The paper stood by shuttered for-profit college chain Corinthian Colleges, even as the company faced multiple state and federal investigations related to its allegedly fraudulent marketing practices and its efforts to facilitate predatory private lending. In fact, the Journal’s editorial board characterized the numerous investigations, launched because of consumer complaints, as “political revenge” by “California job killer” Kamala Harris and a “drive-by shooting” and “contract hit” by the Obama administration. In April 2015, as the company closed its last remaining campuses, The Wall Street Journal wrote a “last rites” editorial lamenting that “the feds and Kamala Harris put 16,000 students on the street.” The now-defunct company has been held legally responsible for its practices, with several investigations and legal actions concluding that Corinthian had, indeed, misled its students about job placement rates and private loan terms, and that former students were owed debt relief.

The Journal has also repeatedly characterized efforts to address these types of fraudulent practices at other for-profit institutions as “regulatory assault,” a “ploy to win over millennials,” a “contract hit” (again), and a political “stealth attack” akin to “drone strikes,” dismissing evidence that these types of schools have taken advantage of veterans and servicemembers, as well as other innocent students, on the taxpayers’ dime.

California Attorney General Kamala Harris reached a settlement of $168.6 million with mega-virtual charter K12 Inc. This settlement reflects the good investigative reporting of Jessica Calefati of the San Jose Mercury News, whose investigative reporting led to Harris’ review of K12’s finances and practices.

There are two more investigations underway: one by the California State Department of Education and the other by the State Controller. Now that virtual charters have been discredited by studies and thrown under the bus by the rest of the charter industry, this aspect of the industry may finally be on the skids.

“California Attorney General Kamala Harris announced Friday the state Department of Justice has reached a $168.5 million settlement with for-profit online charter school operator K12 Inc. over an array of alleged violations of false claims, false advertising and unfair competition laws.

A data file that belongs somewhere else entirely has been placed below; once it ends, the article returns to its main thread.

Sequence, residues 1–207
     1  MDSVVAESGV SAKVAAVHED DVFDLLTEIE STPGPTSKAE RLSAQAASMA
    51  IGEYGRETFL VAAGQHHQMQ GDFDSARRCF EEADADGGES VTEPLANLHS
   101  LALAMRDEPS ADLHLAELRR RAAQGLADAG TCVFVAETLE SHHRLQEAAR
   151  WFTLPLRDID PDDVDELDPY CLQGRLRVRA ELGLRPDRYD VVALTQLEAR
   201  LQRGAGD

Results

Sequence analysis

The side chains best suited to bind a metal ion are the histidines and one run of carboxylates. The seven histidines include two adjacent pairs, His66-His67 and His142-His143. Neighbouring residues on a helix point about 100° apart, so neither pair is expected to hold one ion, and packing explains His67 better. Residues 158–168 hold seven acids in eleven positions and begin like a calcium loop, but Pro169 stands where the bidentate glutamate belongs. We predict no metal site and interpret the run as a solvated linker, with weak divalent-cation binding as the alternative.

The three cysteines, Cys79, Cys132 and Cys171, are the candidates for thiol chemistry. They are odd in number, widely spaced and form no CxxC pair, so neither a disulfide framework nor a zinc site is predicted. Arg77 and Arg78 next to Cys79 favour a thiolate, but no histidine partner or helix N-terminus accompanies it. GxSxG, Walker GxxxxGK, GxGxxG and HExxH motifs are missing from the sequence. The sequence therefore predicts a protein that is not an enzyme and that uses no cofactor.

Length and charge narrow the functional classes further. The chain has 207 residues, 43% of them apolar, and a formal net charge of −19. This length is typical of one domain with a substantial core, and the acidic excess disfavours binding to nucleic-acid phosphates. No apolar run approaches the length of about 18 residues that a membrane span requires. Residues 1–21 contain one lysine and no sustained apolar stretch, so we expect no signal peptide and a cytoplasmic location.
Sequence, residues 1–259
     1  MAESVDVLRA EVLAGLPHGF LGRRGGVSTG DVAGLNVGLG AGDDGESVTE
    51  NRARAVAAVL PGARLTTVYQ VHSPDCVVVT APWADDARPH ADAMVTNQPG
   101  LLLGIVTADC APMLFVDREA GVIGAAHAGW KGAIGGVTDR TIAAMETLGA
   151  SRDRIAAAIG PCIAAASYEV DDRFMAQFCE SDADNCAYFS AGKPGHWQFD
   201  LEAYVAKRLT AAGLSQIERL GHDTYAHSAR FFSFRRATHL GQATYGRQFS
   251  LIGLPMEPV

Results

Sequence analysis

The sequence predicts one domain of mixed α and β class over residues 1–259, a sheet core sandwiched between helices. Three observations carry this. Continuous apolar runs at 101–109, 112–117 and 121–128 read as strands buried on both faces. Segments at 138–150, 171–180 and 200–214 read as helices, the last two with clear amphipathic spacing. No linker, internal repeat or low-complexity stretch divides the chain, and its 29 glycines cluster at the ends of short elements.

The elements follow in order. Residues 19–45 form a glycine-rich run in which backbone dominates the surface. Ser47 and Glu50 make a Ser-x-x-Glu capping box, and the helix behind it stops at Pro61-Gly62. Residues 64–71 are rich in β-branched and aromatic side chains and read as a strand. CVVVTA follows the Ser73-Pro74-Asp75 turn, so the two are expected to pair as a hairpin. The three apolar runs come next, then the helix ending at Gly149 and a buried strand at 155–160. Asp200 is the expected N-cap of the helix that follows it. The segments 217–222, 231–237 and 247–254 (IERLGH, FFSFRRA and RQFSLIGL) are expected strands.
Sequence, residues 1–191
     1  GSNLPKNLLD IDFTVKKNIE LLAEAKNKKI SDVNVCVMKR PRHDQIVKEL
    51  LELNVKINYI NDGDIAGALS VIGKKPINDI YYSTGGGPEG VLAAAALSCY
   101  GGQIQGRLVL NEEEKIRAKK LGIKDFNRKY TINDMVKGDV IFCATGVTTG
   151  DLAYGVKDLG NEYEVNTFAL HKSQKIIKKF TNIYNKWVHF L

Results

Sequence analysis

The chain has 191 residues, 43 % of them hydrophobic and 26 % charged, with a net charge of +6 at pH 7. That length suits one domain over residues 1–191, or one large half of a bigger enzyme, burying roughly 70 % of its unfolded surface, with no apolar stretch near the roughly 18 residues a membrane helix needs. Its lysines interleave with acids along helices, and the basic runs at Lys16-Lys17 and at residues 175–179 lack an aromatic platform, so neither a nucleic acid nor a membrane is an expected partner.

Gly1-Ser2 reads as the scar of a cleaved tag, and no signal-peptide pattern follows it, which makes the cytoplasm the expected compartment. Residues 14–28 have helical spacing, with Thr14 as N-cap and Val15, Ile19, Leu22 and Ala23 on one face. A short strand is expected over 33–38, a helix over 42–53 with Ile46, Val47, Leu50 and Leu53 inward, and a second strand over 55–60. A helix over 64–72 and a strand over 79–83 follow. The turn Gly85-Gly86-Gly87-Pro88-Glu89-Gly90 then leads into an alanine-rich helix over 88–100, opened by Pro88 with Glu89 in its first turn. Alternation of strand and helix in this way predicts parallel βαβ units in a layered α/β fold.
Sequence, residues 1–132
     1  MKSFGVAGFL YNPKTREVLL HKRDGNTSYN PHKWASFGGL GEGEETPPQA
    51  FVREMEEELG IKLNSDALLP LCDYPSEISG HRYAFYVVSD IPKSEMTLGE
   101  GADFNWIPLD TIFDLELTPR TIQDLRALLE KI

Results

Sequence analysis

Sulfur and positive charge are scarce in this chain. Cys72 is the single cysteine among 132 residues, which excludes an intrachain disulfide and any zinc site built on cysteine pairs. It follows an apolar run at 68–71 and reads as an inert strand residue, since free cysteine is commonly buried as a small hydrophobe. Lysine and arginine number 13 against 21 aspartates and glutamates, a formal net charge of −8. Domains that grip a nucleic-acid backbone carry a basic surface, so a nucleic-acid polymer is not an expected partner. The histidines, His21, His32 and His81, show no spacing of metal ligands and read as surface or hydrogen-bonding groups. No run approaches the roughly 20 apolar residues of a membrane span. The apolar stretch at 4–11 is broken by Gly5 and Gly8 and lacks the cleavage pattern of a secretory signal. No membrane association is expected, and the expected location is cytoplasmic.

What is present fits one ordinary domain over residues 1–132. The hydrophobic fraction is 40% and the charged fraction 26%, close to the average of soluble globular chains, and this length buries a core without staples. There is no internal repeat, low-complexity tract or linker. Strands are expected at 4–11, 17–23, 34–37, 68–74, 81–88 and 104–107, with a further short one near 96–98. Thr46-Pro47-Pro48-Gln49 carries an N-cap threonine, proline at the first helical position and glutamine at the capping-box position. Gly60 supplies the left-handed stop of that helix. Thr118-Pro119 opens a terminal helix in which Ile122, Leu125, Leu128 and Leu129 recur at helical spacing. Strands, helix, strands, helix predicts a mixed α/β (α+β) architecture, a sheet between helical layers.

“The settlement comes almost three months after the Bay Area News Group published a two-part investigative series on the publicly-traded Virginia company, which runs a network of profitable but low-performing online charter schools serving about 15,000 students across the state.

“Harris’ office found that K12 and the “virtual” academies it operates across the state used deceptive advertising to mislead parents about students’ academic progress, parent satisfaction and their graduates’ eligibility for University of California and California State University admission.

“The Attorney General’s office also found that K12 and its affiliated schools collected more state funding from the California Department of Education than they were entitled to by submitting inflated student attendance data and that the company improperly coerced the non-profit schools it operates to sign unfavorable contracts that put them in a deep financial hole.”

Politico reports that K12 Inc. disagrees with the characterization of the settlement:

– Speaking of charter schools, California Attorney General Kamala Harris said Friday that virtual charter school operator K12 Inc. will pay $168.5 million to settle [ http://politico.pro/29NP6eM] alleged violations of the state’s false claims, false advertising and unfair competition laws: http://politico.pro/29nJ0Nj . But K12 pushed back on the settlement amount – preferring not to include $160 million in financial relief that Harris’ office says will be provided to certain schools that K12 manages. Instead, K12 CEO Stuart Udell said the company will only pay $2.5 million to settle the case, and another $6 million for Harris’ investigative costs. Udell said his company admitted no wrongdoing. “The Attorney General’s claim of $168.5 million in today’s announcement is flat wrong,” Udell said. “Despite our full cooperation throughout the process, the Office of the Attorney General grossly mischaracterized the value of the settlement, just as it did with regard to the issues it investigated.”

– The settlement is another black eye for the virtual charter industry, which just last month had three reform-minded groups calling for it to be improved, or else problems such as low graduation rates will “overshadow the positive impacts this model currently has on some students.” [ http://politi.co/1tyKbnt] More from Kimberly Hefling: http://politico.pro/29ImzF8

via Diane Ravitch’s blog http://ift.tt/29sNUcE

AB-1084 Charter schools: for-profit entities.

Bill Start

Amended
 IN 
Senate
 June 06, 2016
Amended
 IN 
Assembly
 January 04, 2016

CALIFORNIA LEGISLATURE—
2015–2016 REGULAR SESSION


Assembly Bill
No. 1084
Introduced by Assembly Member Bonilla
February 27, 2015

An act to amend Section 4996.18 of the Business and Professions add Section 47604.2 to the Education Code, relating to social workers. charter schools.

LEGISLATIVE COUNSEL’S DIGEST

AB 1084, as amended, Bonilla.
Social workers: examination. Charter schools: for-profit entities.

Existing law, the Charter Schools Act of 1992, authorizes a charter school to elect to operate as, or be operated by, a nonprofit public benefit corporation, as specified.